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Bank of England: Letting the arrow take its course

3 min read
Ben Kumar, Head of Equity Strategy01 Feb 2024

In the UK’s first monetary policy meeting of the year, the Bank of England (BoE) has decided to keep rates flat at 5.25%.

Since August 2023, when the Monetary Policy Committee (MPC) last changed the bank rate, each of the four subsequent meetings ended in a ‘hold’ verdict.

It might feel like the MPC has been doing nothing. But during each meeting, the committee seriously considers several indicators to check whether the current monetary policy is heading towards the 2% inflation target, and that’s no easy task.

The problem with setting monetary policy is that it doesn’t work like a radio, where aiming for a frequency gives us a specific output.

Monetary policy is rather a bit like playing archery or any long-range aiming game. Think of the MPC as the archer, the Bank Rate as the arrow, and the target as inflation, the centre of which is the 2% target.

Archery is, of course, not as simple as pointing and releasing. When aiming, the archer must consider the drag, which will slow the motion of the arrow, as well as the effect of the wind, along with some other factors.

Aiming for the centre of the target at a long distance requires adjusting for these factors, meaning that the journey is not a straight line. And this is what the MPC does: it tries to calculate the speed at which the arrow must travel, while considering all the resistance the arrow will meet along the way; think of this resistance being wage growth, gas prices, production costs, or changes in demand for products and services.

With as much knowledge as it has of all the variables, the BoE has decided to keep the Rate steady as it believes this rate sets the right course for the arrow to land on the 2% inflation target.

What does this mean for 7IM?

Every year, analysts sit in rooms to discuss what they think monetary policy will be like for the year ahead, spending a significant amount of time stress-testing numerous possible scenarios and gauging what is most likely to happen.

The problem with this approach is, of course, unpredictability. If only there was a way to predict what would happen in the world, there would be no need for forecasting. But while it is important to use the past to build an indication of what might happen going ahead, it is equally important to understand the world is in constant change and that predictions are just that.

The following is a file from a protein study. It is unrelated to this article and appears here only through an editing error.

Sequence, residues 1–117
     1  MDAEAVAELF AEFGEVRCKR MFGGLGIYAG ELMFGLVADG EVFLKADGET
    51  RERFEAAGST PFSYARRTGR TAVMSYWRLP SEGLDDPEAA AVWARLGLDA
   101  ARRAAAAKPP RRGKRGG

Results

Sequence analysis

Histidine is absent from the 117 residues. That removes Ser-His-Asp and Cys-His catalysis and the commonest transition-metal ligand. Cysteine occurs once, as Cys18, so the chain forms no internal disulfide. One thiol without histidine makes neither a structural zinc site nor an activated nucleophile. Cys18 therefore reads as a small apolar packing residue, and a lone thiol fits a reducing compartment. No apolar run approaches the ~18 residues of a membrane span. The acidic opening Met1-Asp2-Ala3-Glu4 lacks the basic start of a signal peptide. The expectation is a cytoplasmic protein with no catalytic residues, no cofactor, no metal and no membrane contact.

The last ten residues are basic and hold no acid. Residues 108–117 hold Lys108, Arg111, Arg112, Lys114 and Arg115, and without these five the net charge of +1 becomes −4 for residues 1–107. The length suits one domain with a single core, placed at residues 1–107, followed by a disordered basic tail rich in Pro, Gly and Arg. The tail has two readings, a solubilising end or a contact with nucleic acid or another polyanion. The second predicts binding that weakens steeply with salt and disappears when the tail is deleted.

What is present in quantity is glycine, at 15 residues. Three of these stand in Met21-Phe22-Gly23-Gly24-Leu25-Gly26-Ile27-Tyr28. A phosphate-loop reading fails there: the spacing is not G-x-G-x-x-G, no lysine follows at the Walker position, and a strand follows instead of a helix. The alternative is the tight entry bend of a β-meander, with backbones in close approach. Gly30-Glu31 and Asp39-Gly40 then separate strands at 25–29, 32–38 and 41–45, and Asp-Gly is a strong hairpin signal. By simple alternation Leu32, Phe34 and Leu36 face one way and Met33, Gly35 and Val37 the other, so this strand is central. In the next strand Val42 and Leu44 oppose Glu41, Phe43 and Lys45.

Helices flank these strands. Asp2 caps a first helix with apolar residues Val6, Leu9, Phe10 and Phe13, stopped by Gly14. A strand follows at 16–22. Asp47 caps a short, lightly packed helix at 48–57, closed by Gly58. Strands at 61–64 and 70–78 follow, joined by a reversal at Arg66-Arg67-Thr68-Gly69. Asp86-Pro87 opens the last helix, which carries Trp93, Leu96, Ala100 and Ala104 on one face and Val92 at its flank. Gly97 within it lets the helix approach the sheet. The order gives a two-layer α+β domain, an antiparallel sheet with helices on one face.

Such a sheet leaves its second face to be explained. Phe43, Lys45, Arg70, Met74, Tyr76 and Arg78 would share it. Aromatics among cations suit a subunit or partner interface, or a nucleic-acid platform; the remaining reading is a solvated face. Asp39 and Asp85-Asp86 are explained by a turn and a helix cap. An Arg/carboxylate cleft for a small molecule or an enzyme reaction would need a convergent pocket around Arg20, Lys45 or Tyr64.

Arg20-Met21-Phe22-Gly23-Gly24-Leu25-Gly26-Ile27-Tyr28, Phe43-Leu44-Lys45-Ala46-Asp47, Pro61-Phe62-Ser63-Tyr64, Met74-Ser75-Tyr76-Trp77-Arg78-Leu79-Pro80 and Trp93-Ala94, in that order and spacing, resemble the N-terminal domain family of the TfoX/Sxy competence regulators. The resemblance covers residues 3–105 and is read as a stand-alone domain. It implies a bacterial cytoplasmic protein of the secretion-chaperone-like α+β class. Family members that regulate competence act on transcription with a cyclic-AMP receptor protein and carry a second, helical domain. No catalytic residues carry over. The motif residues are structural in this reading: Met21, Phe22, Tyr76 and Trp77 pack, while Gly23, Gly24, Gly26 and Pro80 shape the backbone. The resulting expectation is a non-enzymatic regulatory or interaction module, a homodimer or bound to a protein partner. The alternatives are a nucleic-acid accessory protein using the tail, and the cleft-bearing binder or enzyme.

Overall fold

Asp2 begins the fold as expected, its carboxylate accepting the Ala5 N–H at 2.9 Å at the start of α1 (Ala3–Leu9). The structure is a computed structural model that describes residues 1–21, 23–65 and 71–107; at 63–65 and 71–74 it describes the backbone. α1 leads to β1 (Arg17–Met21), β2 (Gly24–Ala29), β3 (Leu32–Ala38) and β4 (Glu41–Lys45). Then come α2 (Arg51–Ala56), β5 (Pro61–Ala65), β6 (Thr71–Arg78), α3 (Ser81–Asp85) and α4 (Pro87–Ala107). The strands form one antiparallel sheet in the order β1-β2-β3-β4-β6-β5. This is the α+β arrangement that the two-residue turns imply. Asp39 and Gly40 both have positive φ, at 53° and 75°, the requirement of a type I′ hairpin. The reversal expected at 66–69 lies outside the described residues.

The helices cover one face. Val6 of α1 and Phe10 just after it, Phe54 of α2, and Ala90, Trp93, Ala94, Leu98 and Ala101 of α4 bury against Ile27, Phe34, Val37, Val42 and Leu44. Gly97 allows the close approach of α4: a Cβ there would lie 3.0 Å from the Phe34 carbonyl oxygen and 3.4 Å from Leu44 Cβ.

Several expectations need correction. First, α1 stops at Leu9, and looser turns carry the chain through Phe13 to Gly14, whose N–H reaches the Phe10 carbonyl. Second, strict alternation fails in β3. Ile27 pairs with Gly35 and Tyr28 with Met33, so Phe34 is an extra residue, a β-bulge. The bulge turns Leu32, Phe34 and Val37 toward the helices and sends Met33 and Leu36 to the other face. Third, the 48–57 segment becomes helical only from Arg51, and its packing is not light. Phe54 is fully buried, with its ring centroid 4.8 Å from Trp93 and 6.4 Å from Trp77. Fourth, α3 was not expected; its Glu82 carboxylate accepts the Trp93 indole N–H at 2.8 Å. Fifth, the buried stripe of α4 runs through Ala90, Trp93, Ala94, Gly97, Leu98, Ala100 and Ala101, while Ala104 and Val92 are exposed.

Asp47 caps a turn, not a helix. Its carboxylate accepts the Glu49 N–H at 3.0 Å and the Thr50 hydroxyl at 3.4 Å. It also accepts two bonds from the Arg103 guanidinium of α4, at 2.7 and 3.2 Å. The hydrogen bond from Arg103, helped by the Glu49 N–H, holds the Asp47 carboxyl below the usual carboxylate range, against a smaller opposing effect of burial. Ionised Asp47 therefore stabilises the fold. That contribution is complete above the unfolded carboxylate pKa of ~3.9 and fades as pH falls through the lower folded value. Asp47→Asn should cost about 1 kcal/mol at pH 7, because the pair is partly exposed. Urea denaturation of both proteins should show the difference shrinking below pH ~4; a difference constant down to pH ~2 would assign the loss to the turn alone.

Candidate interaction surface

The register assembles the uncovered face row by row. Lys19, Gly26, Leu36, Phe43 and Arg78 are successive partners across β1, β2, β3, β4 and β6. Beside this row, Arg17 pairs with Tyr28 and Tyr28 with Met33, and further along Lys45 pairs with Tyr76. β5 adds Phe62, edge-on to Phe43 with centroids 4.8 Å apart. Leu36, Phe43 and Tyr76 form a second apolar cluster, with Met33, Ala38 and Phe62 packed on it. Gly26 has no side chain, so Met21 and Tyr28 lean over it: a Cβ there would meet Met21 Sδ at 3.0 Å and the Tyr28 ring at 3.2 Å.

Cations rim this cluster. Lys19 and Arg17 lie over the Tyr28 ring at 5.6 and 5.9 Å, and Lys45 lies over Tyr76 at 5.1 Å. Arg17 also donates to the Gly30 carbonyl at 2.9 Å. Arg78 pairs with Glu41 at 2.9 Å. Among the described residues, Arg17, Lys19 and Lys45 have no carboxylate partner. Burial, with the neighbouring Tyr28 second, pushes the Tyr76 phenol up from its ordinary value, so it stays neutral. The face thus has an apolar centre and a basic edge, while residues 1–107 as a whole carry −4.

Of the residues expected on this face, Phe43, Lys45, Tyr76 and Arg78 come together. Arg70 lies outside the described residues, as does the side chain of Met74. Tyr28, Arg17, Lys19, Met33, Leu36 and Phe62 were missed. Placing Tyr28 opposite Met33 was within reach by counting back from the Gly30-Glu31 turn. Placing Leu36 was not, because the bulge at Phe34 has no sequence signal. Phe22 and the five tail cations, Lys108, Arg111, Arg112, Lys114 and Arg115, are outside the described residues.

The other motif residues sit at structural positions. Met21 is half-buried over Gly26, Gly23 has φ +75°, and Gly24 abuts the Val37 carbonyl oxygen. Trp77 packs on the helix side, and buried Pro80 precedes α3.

So when thinking about inflation and whatever moves it – supply and demand, price movements – there must always be room to think about the unexpected. After all, that’s why analysts have jobs: there’s no way to know if a new virus will take the world by surprise, or whether a new geopolitical conflict will change the course of the global economy, but we can certainly try to predict using what we know.

This is only yet another way of saying diversification is important when investing. Preparing for different scenarios is the best way to ensure sustainable growth.

That is what we do at 7IM. Our portfolios are prepared to grow in multiple scenarios, and this is why we’re shielded from whatever decision the BoE might take.

In our diversification strategy, we have a portfolio that contains:

  • Exposures to multiple currencies. We want to make sure we’re prepared for any local shocks, so 40% of our Balanced portfolio are in non-Sterling currencies, frequently assessing if we need to change this weighting.
  • Geographically diversified equities. We think the economic health of the global economy is important to returns, and therefore we avoid concentration. Only around 10% of the revenues from our equities are UK-related.
  • Globally diversified bonds. Our Balanced portfolio contains only about 4% of UK-based fixed income securities – the rest are spread around the world.
This piece is intended for educational purposes only and does not constitute financial or investment advice. Please be aware that past performance is not an indicator of future performance and the value of your investments can go up as well as down.
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